Graphs 1 and 2 represent the evolution in the number of public and private universities in Spain and Europe, respectively. Both graphs show the aforementioned strong growth in the number of private universities that occurred from the 1990s onwards, based on data published in the European Tertiary Education Register (ETER), a database containing information from the EU-28 countries, the European Economic Area, Serbia and Turkey; and in the Register of Universities, Centres and Qualifications of the Ministry of Education, Culture and Sport (MECD) in the Spanish case.
It is worth underlining that, in Europe, the importance of private universities varies widely from one country to the next, and only in Cyprus, Poland, Portugal, the Czech Republic and Serbia are there more private universities than public ones. Furthermore, these private universities are usually much smaller than their public counterparts, therefore their weight in higher education systems is lower than it may seem from observing the graphs. According to the latest data from the European Register, although in the 2014/2015 academic year almost a third (32.6%) of European universities were private, they represented only 24.1% of students matriculated in European higher education. The situation in Spain is not very different. Although the 33 private universities represent 40% of Spanish universities (which total 83), during the 2016/17 academic year only 14% of university students attended them, meaning they are essentially small institutions (MECD, 2017).
2. Public and private universities: characteristics that may affect their performance
The public or private status of an institution will largely determine its objectives and the orientation of its visions, missions, strategies and areas of activity, with private institutions being mainly guided by market criteria and public institutions mainly by criteria more related with the provision of a public service to society. This difference in orientation necessarily gives rise to different management systems (and therefore different results), that will also be conditioned by the regulation differences in matters relating to control and the supervision of the activities and accounts of public and private universities.
Specifically, private universities enjoy greater flexibility which enables them to respond more quickly and efficiently to market changes. Furthermore, they usually focus on more profitable activities, usually teaching in knowledge areas with low costs and avoiding types of courses that require very expensive materials and facilities, such as engineering or medicine. Equally, private universities usually present low levels of research activity and of the transfer of results of any research for their use by society (Casani et al., 2014).
Consequently, debate regarding to what point the private university sector better responds to the needs of the economy and society remains open, throwing into question even classic arguments based on its higher graduation rates (Moreno-Herrero, 2010) and on lower levels of unemployment and higher salaries among its former alumni (MECD and Conference of University Social Councils, 2014) as a consequence of a better response to student needs. For some qualifications, it is unclear how far these results reflect the opportunities offered by private universities or depend on the high socioeconomic level of their students (Angoitia and Rahona, 2007).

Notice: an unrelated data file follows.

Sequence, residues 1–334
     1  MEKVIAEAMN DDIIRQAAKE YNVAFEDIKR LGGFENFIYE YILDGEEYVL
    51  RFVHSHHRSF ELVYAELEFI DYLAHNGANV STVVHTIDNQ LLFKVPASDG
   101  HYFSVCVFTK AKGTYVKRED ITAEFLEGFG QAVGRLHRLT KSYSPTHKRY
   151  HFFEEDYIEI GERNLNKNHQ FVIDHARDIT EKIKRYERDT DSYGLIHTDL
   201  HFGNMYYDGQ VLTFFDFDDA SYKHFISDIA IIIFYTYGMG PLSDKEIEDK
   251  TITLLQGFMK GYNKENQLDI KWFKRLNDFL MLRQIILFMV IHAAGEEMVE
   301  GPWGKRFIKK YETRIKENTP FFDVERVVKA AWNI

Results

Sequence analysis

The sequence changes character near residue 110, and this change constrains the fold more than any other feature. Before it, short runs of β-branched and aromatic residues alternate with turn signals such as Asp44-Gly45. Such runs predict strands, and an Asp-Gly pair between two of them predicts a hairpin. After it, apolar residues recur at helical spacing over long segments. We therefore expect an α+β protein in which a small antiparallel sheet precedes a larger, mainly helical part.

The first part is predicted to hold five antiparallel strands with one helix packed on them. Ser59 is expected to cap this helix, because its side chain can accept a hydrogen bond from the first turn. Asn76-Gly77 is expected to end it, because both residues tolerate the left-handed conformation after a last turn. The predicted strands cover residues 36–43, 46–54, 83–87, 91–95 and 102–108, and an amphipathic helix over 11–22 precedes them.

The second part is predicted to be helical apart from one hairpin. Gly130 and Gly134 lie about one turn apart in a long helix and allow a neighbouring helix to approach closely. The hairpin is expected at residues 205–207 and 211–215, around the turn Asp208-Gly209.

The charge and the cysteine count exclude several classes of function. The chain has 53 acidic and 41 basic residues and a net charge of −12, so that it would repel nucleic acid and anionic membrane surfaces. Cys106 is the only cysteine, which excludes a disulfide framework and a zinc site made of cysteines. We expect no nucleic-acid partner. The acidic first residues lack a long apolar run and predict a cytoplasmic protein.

For their part, public universities will include in their decision-making processes criteria related with the social benefits of their activity (among others). Furthermore, these are usually subject to greater rigidity as a consequence of stricter regulation, control and supervision of their activities and public accounts. In short, private universities theoretically have greater flexibility to adapt to a changing environment.
In the specific case of the Spanish university system, both public and private universities act within a single legal framework and are assigned the same fundamental tasks: teaching, research and transfer of knowledge. However, public universities are constrained by greater regulation and by more demanding control mechanisms than their private counterparts. The differences that may influence the results obtained by both university types, prominently include those related with the teaching staff, the range of qualifications offered, and funding.
Firstly, private universities in Spain enjoy greater flexibility in their personnel policies and the hiring of teaching staff, since their human resources do not include public servants and their workforce size is not subject to any public control. In contrast, in the case of public universities, approximately 45% of teaching staff are public servants, they cannot attract researchers of renowned prestige with high salaries and they can do little to recognise teaching staff productivity, since salaries are fixed by national and regional governments. Teaching productivity is recognised through five-year periods of teaching (and varies according to the teaching strategies and challenges pursued by each university). Meanwhile, research productivity is recognised through six-year periods of research (and the criteria for its recognition are established on a national level, being the same at all universities).